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Arksey, H.

Access to Health Care for Carers: Intervention evaluaitons: Supplementary report

Almost seven million adults in Britain care for sick, elderly or disabled friends and relatives on an unpaid basis. Caring is physically and mentally demanding, and many carers say it has a negative impact on their own well-being. But despite this, carers’ health needs often go unaddressed. Sometimes this is due to professionals not recognising or understanding these needs. Sometimes it is due to difficulties getting an appointment that fits around their caring responsibilities.

Thu, 07/20/2017 - 15:22

Review of respite services and short-term breaks for carers of people with dementia

The study aimed to establish the current state of knowledge about the effectiveness and cost- effectiveness of respite services and short breaks for carers for people with dementia.

Thu, 07/20/2017 - 15:16

Combining informal care and work: supporting carers in the workplace

The UK Government is concerned that women and men who care for disabled or sick relatives, or elderly people, and who also wish to take part in paid work should have increased opportunities to do so. However, many informal carers find combining work and care difficult; some may ‘choose’ to give up paid employment completely. The present paper draws on the findings from two projects to explore the extent to which the needs of employees with caring responsibilities are supported in the workplace.

Thu, 07/20/2017 - 15:12

Carers' needs and the Carers Act

This report documents the findings of a two year study looking at the impact of the Carers (Recognition and Services) Act 1995 in four local authority social services departments in northern England. The work was funded by the Department of Health under the Outcomes for Social Care initiative. We began the study in November 1997, two years after the full implementation of the Carers Act. The specific research questions the study addressed were: 1. what are the results of national policy in terms of local policy and practice in selected authorities? 2.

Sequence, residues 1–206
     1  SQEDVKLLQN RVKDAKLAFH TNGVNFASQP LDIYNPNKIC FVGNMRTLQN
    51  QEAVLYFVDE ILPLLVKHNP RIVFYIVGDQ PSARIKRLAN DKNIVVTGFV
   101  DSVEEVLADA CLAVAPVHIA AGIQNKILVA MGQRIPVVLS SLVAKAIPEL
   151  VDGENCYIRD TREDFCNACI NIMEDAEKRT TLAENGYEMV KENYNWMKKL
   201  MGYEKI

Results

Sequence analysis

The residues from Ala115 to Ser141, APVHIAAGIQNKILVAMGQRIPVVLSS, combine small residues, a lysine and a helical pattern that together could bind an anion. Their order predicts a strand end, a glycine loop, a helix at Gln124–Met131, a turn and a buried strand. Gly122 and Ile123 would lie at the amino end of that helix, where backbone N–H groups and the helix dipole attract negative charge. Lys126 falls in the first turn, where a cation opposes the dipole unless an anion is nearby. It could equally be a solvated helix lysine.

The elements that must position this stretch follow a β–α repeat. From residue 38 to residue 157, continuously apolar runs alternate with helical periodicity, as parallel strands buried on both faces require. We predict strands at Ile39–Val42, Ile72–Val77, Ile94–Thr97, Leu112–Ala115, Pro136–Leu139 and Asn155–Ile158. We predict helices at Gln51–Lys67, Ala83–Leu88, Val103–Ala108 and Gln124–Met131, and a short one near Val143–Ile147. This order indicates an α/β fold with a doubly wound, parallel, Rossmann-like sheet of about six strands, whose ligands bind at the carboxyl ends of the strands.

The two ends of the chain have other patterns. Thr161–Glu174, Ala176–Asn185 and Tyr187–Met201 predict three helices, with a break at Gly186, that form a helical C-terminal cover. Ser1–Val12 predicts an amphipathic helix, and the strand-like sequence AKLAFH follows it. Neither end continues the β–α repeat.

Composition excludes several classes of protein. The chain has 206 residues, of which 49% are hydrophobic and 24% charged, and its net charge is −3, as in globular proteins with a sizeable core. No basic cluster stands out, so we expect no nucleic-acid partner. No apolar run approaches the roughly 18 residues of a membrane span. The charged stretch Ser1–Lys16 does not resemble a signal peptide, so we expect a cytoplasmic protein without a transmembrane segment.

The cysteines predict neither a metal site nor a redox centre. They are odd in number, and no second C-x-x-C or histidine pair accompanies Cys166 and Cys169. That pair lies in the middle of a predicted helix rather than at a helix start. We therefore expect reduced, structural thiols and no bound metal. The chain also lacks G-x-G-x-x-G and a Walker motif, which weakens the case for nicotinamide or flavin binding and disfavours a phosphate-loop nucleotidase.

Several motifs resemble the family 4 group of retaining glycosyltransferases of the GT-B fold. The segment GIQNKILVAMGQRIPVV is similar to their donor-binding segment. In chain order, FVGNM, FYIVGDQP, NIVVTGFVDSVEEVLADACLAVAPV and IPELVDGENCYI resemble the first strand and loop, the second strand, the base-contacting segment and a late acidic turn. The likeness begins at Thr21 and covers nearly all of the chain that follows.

Thu, 07/20/2017 - 15:12

Scoping studies: towards a methodological framework

This paper focuses on scoping studies, an approach to reviewing the literature which to date has received little attention in the research methods literature. We distinguish between different types of scoping studies and indicate where these stand in relation to full systematic reviews. We outline a framework for conducting a scoping study based on our recent experiences of reviewing the literature on services for carers for people with mental health problems. Where appropriate, our approach to scoping the field is contrasted with the procedures followed in systematic reviews.

Thu, 07/20/2017 - 15:10

Choice in the context of informal care-giving

Extending choice and control for social care service users is a central feature of current English policies. However, these have comparatively little to say about choice in relation to the informal carers of relatives, friends or older people who are disabled or sick. To explore the realities of choice as experienced by carers, the present paper reviews research published in English since 1985 about three situations in which carers are likely to face choices: receiving social services; the entry of an older person to long-term care; and combining paid work and care.

Thu, 07/20/2017 - 15:09